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ZUSSMAN, RAYMOND

zussman raymond

On 12 September 1944, 2d Lt. Zussman was in command of two tanks operating with an infantry company in the attack on enemy forces occupying the town of Noroy-le-bourg, France. At 7:00 P.M., his command tank bogged down. Throughout the ensuing action, armed only with a carbine, he reconnoitered alone on foot far in advance of his remaining tank and the infantry. Returning only from time to time to designate targets, he directed the action of the tank and turned over to the infantry the numerous German soldiers he had caused to surrender. He located a road block and directed his tanks to destroy it. Fully exposed to fire from enemy positions only 50 yards distant, he stood by his tank directing its fire. Three Germans were killed and eight surrendered. Again he walked before his tank, leading it against an enemy-held group of houses, machine-gun and small-arms fire kicking up dust at his feet. The tank fire broke the resistance and 20 enemy surrendered. Going forward again alone he passed an enemy-occupied house from which Germans fired on him and threw grenades in his path. After a brief firefight, he signaled his tank to come up and fire on the house. Eleven German soldiers were killed and 15 surrendered. Going on alone, he disappeared around a street corner. The fire of his carbine could be heard and in a few minutes he reappeared driving 30 prisoners before him. Under 2d Lt. Zussman's heroic and inspiring leadership, 18 enemy soldiers were killed and 92 captured.

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Service

Rank

Division

U.S. Army Second Lieutenant Company A, 756th Tank Battalion, 3d Infantry Division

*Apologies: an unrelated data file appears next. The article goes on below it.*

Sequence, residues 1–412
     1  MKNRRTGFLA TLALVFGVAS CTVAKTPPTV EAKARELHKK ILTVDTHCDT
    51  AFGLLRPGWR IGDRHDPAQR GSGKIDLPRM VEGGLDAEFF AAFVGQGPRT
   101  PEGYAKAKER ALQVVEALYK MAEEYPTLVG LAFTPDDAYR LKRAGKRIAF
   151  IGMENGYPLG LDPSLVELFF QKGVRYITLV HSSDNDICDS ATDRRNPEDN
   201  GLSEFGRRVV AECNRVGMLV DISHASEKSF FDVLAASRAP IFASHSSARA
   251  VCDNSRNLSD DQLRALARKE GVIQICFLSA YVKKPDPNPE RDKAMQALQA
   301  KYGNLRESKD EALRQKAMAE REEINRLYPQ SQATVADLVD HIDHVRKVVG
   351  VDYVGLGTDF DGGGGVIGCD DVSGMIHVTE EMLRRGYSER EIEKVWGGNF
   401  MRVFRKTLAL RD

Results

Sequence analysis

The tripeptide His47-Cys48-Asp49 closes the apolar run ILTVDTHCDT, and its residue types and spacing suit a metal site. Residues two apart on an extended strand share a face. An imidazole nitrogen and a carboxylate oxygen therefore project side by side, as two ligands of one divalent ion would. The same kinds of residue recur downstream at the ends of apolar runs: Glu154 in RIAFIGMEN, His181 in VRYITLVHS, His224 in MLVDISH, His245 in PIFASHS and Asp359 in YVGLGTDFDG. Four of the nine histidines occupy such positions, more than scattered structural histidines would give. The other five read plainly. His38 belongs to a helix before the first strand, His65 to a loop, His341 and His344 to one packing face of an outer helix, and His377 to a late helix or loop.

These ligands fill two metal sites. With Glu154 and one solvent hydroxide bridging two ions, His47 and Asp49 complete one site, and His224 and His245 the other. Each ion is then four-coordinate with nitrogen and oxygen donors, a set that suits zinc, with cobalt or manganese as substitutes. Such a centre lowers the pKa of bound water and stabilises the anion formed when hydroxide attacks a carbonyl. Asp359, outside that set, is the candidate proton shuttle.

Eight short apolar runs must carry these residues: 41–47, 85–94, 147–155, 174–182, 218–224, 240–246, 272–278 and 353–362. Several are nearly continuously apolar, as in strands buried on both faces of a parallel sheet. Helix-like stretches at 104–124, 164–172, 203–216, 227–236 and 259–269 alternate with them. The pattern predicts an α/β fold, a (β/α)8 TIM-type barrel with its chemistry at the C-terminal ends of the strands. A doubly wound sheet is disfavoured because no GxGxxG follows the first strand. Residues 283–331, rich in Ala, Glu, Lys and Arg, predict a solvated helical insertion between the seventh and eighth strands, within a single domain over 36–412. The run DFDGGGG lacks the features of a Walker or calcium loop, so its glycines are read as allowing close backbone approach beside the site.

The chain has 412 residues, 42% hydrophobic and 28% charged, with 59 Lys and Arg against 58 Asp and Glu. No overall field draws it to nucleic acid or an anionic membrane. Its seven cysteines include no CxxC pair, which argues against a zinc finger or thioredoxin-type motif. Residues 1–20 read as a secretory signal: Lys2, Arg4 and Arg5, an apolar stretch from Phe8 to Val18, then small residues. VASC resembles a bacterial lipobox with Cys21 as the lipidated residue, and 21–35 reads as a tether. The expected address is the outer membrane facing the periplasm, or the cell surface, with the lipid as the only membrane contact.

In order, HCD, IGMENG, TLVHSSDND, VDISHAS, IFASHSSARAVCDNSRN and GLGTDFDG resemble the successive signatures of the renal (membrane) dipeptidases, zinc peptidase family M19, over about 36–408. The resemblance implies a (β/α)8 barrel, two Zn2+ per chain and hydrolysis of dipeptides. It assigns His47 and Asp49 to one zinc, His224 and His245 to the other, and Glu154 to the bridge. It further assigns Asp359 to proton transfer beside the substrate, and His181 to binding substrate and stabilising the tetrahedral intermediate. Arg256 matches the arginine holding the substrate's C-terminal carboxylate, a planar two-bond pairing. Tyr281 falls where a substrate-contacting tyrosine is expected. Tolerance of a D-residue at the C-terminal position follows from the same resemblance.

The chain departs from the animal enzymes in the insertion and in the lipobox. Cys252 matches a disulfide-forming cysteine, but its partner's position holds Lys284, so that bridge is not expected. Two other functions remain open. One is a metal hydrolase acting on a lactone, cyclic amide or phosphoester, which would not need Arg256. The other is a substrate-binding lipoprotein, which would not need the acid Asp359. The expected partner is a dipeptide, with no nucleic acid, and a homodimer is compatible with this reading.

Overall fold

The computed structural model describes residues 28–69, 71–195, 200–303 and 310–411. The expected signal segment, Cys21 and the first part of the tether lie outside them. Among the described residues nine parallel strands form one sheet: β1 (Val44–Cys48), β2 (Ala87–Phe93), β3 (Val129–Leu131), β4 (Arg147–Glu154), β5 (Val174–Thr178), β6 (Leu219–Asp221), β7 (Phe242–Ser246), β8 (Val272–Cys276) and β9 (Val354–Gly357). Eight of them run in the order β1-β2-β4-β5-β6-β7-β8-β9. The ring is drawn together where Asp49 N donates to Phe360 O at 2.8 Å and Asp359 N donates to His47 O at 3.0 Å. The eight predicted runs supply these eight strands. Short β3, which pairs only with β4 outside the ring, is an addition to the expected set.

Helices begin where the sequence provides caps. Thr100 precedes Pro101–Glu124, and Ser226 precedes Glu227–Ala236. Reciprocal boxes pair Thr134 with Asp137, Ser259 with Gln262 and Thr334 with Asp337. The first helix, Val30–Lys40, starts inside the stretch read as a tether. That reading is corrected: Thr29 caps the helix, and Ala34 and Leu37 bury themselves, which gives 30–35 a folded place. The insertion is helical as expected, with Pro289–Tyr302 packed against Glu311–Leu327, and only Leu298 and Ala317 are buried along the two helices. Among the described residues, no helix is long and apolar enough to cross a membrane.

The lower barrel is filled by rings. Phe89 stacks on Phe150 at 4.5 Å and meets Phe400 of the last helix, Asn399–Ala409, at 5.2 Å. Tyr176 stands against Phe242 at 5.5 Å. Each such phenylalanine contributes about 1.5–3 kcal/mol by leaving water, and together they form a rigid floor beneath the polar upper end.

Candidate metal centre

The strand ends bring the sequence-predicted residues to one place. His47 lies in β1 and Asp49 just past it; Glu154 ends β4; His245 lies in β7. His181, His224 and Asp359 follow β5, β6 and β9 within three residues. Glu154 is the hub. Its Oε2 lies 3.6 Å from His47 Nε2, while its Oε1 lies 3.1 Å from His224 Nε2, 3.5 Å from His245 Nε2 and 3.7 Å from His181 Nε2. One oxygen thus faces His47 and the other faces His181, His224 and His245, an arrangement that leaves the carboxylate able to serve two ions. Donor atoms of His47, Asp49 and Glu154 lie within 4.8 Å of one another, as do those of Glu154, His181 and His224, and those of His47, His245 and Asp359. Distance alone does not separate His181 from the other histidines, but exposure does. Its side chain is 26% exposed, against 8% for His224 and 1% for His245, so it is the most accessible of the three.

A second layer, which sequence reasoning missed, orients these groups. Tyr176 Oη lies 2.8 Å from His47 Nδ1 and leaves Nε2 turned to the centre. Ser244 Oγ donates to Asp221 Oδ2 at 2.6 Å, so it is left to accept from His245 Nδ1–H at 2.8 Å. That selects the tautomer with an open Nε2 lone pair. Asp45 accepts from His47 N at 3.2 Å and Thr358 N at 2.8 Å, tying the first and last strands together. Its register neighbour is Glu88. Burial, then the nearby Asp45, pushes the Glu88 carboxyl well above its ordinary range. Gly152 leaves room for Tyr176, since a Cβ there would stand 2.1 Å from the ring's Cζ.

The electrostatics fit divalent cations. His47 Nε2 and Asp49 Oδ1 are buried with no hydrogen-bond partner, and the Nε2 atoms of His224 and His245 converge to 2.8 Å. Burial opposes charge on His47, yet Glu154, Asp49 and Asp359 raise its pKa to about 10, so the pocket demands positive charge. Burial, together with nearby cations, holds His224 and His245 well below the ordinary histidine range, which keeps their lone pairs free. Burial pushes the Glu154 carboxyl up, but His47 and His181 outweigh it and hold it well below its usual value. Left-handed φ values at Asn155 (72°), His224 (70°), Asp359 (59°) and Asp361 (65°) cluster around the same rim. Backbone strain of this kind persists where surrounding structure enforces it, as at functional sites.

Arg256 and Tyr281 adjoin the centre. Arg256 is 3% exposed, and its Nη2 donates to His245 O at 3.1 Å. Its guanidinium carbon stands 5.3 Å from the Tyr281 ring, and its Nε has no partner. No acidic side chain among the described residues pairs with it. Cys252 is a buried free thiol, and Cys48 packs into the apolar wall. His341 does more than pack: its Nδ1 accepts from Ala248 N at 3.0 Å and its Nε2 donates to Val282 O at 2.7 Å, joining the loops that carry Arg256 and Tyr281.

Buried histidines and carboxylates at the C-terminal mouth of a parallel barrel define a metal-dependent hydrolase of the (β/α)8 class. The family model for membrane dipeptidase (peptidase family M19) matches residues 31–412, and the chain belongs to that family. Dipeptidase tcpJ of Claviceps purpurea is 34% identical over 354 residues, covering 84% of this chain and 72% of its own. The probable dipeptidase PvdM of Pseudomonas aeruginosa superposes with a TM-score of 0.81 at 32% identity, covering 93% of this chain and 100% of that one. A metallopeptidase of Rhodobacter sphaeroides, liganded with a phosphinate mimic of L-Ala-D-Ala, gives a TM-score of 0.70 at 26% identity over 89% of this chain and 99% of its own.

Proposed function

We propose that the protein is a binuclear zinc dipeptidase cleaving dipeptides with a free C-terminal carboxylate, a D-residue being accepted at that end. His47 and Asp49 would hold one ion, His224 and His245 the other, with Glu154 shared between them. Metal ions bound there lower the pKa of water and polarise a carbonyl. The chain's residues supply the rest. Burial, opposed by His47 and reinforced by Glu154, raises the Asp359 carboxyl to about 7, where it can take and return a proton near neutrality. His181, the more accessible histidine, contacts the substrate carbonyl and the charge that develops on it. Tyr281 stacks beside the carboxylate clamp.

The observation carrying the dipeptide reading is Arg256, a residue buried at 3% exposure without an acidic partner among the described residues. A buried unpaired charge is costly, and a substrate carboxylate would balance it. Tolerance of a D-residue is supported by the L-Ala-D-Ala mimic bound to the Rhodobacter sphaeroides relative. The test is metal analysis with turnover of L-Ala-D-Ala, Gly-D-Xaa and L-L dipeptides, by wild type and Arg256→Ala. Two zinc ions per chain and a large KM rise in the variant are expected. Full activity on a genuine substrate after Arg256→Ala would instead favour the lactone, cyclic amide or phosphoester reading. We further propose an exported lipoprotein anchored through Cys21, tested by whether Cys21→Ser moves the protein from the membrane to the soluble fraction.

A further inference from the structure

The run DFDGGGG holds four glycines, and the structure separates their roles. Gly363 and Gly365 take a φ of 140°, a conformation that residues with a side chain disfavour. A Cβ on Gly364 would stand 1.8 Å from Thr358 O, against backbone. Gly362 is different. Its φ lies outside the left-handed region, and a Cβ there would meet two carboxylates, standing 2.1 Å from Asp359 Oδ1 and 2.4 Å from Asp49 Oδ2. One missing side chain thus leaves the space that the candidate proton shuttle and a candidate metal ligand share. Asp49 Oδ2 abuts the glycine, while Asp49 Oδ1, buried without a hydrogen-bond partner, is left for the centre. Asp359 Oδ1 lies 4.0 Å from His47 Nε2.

Conflict

Year of honor

born

World War Two 1944 Hamtramck, Wayne County, Michigan

Citation

On 12 September 1944, 2d Lt. Zussman was in command of two tanks operating with an infantry company in the attack on enemy forces occupying the town of Noroy-le-bourg, France. At 7:00 P.M., his command tank bogged down. Throughout the ensuing action, armed only with a carbine, he reconnoitered alone on foot far in advance of his remaining tank and the infantry. Returning only from time to time to designate targets, he directed the action of the tank and turned over to the infantry the numerous German soldiers he had caused to surrender. He located a road block and directed his tanks to destroy it. Fully exposed to fire from enemy positions only 50 yards distant, he stood by his tank directing its fire. Three Germans were killed and eight surrendered. Again he walked before his tank, leading it against an enemy-held group of houses, machine-gun and small-arms fire kicking up dust at his feet. The tank fire broke the resistance and 20 enemy surrendered. Going forward again alone he passed an enemy-occupied house from which Germans fired on him and threw grenades in his path. After a brief firefight, he signaled his tank to come up and fire on the house. Eleven German soldiers were killed and 15 surrendered. Going on alone, he disappeared around a street corner. The fire of his carbine could be heard and in a few minutes he reappeared driving 30 prisoners before him. Under 2d Lt. Zussman's heroic and inspiring leadership, 18 enemy soldiers were killed and 92 captured.